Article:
This week, the New York Times is tracing the Phase I testing of a novel melanoma drug being developed by Plexxikon and Roche. The paper says to chronicle the three years of PLX4032 testing "is to ride a roller coaster of breakthroughs and setbacks at what many oncologists see as a watershed moment in understanding the genetic changes that cause cancer."
PLX4032 is an oral, highly selective drug that targets the cancer-causing BRAF mutation, which occurs in about 50 percent of melanomas, 10 percent of colorectal cancers and overall, 8 percent of all solid tumors. The drug was tested in Phase I by Dr. Keith Flaherty, the focus of the article.
In 2002, Flaherty read that B-RAF mutation is present in many melanomas, and he hypothesized that a drug that blocked the protein made by the defective gene might work. With the blessing of his superiors at the University of Pennsylvania's melanoma clinic--and despite the skepticism of other oncologists--he enrolled several hundred patients in a trial of in targeted therapy now owned by Bayer. But the drug proved ineffective in these melanoma patients.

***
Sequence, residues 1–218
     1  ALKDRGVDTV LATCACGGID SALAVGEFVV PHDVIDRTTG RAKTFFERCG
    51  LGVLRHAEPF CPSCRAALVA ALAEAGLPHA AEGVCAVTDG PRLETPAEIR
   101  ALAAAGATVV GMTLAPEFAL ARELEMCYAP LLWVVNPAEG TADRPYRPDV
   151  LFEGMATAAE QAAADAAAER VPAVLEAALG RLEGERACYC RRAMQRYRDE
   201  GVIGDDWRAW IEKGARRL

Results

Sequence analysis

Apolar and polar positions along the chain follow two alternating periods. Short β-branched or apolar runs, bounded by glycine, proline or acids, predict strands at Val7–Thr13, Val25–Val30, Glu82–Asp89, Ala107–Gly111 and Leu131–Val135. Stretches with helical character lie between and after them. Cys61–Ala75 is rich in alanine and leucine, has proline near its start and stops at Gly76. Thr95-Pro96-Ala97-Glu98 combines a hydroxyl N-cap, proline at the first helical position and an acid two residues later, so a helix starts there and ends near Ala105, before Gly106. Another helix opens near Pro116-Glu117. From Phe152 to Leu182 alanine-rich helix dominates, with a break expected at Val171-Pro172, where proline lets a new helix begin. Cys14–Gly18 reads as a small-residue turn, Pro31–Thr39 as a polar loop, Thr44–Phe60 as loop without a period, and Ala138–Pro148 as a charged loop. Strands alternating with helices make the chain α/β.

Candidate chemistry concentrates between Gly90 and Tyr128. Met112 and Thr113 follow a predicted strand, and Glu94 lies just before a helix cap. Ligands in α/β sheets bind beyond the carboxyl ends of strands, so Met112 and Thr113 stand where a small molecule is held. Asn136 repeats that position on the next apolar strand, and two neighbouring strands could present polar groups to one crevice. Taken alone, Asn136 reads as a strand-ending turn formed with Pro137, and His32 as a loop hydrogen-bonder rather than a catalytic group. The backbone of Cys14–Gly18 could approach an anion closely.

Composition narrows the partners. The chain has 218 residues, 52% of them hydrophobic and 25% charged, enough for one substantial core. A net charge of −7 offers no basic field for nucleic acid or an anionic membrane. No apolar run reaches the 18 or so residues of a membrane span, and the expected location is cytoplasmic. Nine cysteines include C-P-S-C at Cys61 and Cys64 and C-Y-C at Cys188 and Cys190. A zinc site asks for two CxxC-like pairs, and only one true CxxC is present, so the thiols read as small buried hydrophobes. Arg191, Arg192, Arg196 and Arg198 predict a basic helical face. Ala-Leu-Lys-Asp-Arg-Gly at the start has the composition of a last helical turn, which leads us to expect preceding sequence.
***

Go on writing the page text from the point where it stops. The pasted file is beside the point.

However, Plexxikon was watching Flaherty and invited him to test PLX4032, which was being developed through a 2006 agreement with Roche. Initially, the drug didn't shrink the tumors, but Flaherty and collaborator Dr. Paul Chapman of Memorial Sloan-Kettering Cancer Center convinced the companies that Roche would have to reformulate the drug. Plexxikon and Roche agreed to this despite the delay incurred in advancing the drug to Phase II.
Flaherty and Chapman's persistence paid off. Last June, three years after they approached Flaherty, Plexxikon and Roche detailed successful preliminary Phase I results from 55 patients. Disease control lasted up to 14 months with continuous therapy, with many patients still receiving treatment, according to a statement. A pivotal Phase II clinical trial for the treatment of metastatic melanoma began in September 2009, and a Phase III study started in December.
- read the Plexxikon statement on the Phase I results
- check out the NYT coverage